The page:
5 Frequently Asked Questions About Dental Assistant Careers in California
1. What Are the Job Responsibilities of a Dental Assistant?
Dental assistants keep dentists' offices organized, clean, and operating efficiently. They also act as dentists' extra hands. In fact, the term "four-handed dentistry" is frequently used in the dental field and refers to procedures performed by a dentist with the help of a dental assistant. During such procedures, the assistant hands the dentist the necessary tools so that the dentist stays focused on the patient without looking away. This careful teamwork requires good coordination and manual dexterity.
Compassion is also an important trait for dental assistants to possess. After all, 36 percent of the population experiences anxiety about dental appointments. And 12 percent of people have dental phobia, in which anxiety is so strong that it turns into intense fear and avoidance.1
A dental assistant makes sure that patients are comfortable and (relatively) relaxed. That might include explaining what a dentist is doing so that a patient feels informed and in control of his or her care.
A dental assistant can also:
- Prepare an exam room for patients and set up trays so that dentists have the required equipment
- Keep track of the inventory in a dental office and order supplies when needed
- Take patients' medical histories and record other relevant info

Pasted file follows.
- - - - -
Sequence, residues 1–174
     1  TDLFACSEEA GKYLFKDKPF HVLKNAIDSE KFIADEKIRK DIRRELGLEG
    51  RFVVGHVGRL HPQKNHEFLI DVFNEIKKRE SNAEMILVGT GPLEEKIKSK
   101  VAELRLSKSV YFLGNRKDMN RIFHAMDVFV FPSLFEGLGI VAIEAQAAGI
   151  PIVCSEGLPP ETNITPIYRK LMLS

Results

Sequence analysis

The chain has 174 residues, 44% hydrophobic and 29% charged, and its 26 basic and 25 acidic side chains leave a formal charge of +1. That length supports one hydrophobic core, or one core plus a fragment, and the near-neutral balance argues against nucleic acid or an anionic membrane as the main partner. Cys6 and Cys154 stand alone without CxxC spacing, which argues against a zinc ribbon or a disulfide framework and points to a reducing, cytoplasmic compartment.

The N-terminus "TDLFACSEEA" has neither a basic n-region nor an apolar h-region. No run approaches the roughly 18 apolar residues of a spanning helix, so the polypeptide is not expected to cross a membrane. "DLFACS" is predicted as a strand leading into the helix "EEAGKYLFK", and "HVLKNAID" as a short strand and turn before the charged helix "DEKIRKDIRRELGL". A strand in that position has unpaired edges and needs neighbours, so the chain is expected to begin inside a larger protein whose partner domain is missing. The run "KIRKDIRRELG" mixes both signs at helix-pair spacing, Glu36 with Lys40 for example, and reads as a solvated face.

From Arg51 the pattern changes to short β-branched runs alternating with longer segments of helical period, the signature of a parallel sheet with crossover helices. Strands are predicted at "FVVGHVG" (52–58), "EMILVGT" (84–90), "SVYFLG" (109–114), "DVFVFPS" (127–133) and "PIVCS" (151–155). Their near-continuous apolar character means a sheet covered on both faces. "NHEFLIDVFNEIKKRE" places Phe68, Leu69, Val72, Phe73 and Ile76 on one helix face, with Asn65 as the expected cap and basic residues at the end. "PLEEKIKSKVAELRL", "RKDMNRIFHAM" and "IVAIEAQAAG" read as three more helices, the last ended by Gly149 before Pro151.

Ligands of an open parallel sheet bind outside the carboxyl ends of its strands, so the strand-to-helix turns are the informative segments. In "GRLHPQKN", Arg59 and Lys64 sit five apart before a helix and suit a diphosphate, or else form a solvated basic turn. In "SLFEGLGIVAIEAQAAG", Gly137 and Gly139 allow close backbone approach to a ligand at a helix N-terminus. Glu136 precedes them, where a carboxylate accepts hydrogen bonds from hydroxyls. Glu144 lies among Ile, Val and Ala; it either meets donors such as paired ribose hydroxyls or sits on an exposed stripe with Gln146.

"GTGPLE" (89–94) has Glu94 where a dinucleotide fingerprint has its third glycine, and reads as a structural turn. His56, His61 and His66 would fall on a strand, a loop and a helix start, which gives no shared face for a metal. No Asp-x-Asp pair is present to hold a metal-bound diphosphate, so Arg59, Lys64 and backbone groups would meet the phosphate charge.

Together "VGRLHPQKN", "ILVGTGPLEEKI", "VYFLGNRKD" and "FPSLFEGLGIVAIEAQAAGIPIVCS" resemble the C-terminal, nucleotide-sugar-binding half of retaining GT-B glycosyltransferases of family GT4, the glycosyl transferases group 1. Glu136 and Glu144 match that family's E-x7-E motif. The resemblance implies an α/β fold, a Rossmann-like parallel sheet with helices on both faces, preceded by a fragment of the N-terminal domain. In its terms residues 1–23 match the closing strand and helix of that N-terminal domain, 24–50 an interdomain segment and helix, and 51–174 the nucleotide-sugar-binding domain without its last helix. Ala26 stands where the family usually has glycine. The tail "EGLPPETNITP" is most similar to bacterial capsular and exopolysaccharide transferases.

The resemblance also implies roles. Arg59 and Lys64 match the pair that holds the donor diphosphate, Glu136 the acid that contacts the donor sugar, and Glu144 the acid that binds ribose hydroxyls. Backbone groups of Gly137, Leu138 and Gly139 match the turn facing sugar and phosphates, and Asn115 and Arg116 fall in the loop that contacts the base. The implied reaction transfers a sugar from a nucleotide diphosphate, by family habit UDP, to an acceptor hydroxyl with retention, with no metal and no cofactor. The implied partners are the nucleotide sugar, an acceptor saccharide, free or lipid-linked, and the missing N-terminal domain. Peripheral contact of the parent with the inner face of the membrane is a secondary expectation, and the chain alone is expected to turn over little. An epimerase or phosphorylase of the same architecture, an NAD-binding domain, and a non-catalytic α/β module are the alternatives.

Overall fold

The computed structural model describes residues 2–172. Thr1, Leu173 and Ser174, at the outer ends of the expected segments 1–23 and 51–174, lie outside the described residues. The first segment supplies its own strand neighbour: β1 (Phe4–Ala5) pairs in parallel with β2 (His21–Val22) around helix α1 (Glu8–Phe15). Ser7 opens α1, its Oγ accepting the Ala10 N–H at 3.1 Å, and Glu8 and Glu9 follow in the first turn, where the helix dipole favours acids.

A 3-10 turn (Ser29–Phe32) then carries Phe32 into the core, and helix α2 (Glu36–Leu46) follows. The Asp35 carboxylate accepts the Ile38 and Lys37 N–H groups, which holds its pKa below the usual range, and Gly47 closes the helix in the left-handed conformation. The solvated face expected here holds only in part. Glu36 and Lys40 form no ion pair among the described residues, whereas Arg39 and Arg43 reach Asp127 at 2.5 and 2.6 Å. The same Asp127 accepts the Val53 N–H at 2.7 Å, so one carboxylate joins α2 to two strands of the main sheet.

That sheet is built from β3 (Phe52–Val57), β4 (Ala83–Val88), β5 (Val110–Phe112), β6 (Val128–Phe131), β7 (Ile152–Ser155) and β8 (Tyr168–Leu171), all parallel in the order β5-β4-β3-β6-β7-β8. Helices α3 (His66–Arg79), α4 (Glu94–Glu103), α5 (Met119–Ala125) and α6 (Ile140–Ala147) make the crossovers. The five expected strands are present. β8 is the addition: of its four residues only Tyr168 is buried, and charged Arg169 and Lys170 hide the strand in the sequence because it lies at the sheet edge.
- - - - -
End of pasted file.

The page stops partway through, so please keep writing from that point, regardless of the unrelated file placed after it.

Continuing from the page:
- Process payments and work with insurance companies to bill patients
- Maintain patient records
- Take impressions of patients' teeth, which means making exact molds of their mouths to ensure that things like dental appliances fit properly
- Assist dentists with oral surgery
- Explain the fundamentals of dental care to patients
- Make sure all dental equipment is clean and sterile
- Schedule appointments
With additional training, a dental assistant can qualify to perform even more tasks, such as taking x-rays or applying local anesthetic to a patient's mouth.
Dental assistants report that a typical day looks something like this:2
- Helping dentists do procedures—Over 32 percent of their time
- Cleaning and sterilizing dental equipment—Over 16 percent of their time
- Maintaining charts—Over 10 percent of their time
- Advising patients on dental health—Over 10 percent of their time
The remaining time is spent on the various other tasks a dental assistant is responsible for.
2. How Can I Become an RDA in California?
In California, you can be an unlicensed dental assistant or a registered dental assistant (RDA). It's also possible to be a registered dental assistant in extended functions (RDAEF).
Unlicensed dental assistants are allowed to help dentists with basic tasks. Because they have fewer responsibilities than RDAs, they typically earn less. You don't need a diploma or certificate, but to become an unlicensed dental assistant in California, you must complete the following:
- A basic life support course that is approved by the American Heart Association or the American Red Cross
- A course in the California Dental Practice Act, which must be a course approved by the Dental Board of California (DBC)
- A course in infection control, which must be a course approved by the DBC
To become a registered dental assistant in California, you must complete these steps:
1. Graduate from a program approved by the DBC. These programs are often nine to 12 months of study, and they lead to a diploma or certificate. You can also graduate from a two-year program with an associate degree.
Complete 15 months of supervised work experience as a dental assistant. If you've completed a program that is not approved by the DBC, you can apply to have this program counted as part of your work experience.
2. Complete a basic life support course that is approved by the American Heart Association or the American Red Cross.
3. Pass DBC-approved courses in radiation safety and coronal polishing (i.e., removing plaque and stains from tooth enamel).